Authority, fundamentally upheld by sanctioned institutions, is at all times enforced by violence. While the police and variations of the nation state’s armed forces play a central role in this reality, the ideological substance of authority is upheld by deference to violence. Because violence ultimately exists to enforce the order of capital, authority oversees the circulation of capital–its use. People forced to live a life dominated by capital and the targets of violence are made to accept a life dictated by the quality of life capital creates which is always at the expense of the exploited and oppressed. The ability to labor and receive a wage requires submission to authority and the terms of exploitation.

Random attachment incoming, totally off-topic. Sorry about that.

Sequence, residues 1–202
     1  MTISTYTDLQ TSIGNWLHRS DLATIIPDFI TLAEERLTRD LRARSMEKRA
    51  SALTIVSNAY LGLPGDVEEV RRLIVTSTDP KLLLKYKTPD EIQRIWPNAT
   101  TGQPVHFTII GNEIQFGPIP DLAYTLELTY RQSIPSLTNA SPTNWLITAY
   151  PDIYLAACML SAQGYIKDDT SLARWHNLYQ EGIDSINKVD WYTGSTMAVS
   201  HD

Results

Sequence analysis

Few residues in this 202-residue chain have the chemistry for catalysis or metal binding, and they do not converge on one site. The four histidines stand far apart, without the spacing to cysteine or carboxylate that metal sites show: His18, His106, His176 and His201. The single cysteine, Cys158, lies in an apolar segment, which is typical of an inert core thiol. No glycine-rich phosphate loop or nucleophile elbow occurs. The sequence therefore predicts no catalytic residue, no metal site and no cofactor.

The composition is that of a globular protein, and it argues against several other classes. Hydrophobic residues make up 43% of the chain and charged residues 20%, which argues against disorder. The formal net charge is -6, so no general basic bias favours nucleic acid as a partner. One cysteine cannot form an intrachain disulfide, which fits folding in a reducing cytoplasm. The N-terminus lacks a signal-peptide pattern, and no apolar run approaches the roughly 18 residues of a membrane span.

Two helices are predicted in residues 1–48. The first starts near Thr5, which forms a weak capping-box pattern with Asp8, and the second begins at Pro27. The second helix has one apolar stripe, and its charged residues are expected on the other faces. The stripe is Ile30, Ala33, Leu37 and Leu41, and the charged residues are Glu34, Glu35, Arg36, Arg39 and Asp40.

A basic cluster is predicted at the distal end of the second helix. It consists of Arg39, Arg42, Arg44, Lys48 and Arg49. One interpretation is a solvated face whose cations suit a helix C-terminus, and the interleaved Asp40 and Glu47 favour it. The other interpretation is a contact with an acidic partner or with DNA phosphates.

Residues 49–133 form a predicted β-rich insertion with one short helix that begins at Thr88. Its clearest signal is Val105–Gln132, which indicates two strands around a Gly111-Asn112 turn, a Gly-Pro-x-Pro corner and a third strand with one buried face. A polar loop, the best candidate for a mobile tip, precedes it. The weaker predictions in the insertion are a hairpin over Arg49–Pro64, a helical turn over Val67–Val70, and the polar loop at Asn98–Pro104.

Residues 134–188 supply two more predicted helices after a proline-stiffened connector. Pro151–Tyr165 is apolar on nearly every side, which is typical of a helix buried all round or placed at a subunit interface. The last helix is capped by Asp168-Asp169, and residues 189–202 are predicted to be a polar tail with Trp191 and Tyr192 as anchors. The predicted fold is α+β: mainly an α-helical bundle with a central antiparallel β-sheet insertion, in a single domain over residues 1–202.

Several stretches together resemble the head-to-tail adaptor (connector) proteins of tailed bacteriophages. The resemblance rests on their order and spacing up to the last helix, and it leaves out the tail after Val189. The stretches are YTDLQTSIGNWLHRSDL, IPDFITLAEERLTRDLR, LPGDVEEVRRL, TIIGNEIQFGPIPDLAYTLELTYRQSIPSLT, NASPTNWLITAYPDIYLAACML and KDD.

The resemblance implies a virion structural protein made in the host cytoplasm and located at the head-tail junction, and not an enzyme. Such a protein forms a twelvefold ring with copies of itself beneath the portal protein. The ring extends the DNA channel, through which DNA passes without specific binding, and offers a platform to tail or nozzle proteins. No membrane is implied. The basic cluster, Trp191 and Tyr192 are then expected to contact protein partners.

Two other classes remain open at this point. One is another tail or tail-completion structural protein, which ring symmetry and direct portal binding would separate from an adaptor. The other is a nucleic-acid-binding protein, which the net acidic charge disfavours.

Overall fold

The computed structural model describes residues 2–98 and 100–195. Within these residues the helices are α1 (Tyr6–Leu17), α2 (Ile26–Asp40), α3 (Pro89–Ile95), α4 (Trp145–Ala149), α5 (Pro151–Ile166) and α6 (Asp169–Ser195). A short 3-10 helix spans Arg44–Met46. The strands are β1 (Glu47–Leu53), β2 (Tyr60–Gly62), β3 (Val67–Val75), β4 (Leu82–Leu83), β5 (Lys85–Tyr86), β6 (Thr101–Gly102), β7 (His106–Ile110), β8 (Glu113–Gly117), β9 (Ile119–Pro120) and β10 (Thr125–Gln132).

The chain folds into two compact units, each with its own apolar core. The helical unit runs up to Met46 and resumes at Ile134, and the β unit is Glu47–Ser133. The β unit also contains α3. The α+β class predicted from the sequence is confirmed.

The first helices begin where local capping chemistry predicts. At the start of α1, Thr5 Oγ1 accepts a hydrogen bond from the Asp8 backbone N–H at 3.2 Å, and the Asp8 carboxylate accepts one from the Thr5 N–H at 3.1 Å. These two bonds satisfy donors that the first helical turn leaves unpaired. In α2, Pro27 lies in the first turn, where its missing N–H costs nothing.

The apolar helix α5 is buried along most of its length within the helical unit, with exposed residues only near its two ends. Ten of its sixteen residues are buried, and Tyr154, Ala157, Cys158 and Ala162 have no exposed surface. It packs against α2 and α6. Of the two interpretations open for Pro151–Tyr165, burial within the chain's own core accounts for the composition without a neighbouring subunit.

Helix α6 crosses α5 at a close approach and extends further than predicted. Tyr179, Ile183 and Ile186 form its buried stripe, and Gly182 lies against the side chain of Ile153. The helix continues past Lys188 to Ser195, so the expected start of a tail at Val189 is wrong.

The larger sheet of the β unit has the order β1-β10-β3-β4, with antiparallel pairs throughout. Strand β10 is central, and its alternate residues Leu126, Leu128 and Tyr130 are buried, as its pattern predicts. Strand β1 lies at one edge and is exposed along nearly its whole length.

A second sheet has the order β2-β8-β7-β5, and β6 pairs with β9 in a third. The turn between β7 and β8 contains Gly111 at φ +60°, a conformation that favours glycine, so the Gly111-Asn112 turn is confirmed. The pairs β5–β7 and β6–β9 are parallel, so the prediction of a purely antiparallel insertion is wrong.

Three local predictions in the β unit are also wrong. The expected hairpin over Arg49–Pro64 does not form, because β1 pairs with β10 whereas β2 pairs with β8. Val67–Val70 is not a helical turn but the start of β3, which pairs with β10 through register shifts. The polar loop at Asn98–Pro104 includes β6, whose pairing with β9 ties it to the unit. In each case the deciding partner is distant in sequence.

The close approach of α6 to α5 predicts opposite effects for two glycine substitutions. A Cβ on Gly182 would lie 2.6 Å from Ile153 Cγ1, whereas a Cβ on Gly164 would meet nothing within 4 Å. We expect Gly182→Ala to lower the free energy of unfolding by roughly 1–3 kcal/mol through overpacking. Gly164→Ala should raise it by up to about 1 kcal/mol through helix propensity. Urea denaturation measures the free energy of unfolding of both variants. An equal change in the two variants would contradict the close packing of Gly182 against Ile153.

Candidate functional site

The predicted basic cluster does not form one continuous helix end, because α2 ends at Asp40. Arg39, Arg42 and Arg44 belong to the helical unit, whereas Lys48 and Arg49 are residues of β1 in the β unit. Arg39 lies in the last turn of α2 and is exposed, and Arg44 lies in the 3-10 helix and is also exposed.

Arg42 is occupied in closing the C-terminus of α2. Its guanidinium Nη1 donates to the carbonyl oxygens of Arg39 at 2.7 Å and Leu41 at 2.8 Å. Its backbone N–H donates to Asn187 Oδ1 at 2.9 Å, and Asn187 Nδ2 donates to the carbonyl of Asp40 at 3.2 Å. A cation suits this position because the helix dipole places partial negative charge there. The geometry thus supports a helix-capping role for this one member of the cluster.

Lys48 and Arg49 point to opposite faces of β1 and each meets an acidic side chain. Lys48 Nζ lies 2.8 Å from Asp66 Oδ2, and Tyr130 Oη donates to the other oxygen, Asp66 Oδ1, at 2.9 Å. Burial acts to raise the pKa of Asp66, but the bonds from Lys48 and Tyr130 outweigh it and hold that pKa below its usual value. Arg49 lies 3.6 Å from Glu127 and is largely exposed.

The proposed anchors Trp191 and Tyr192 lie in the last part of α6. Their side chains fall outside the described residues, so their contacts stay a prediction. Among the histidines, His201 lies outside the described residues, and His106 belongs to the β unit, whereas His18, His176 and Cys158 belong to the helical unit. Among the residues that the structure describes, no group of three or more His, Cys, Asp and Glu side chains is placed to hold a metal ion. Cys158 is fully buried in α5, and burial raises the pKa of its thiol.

Authority is structured such that society can be freely arranged according to the circulation of capital and the property attached to Capital itself. Wherever people are forbidden to undermine the order of capital, the state must intervene. Fascism, occupying our lives at all times, preemptively prevents public discontent from becoming a force that may threaten capital. In it, the state and capital become more than two entities on opposite sides of a permeable boundary, rather, they become more and more fused with each other. Capital being deployed so systemically, demanding that it be recognized as having a tangible existence, creates its own authority. Fascism enforces the chaotic occupation of daily life by Capital — it is the totalitarian situation wherein people are forced to subject themselves to their own exploitation by the bourgeoisie who secure profit domestically and abroad at a rate that can only be sustained through military force.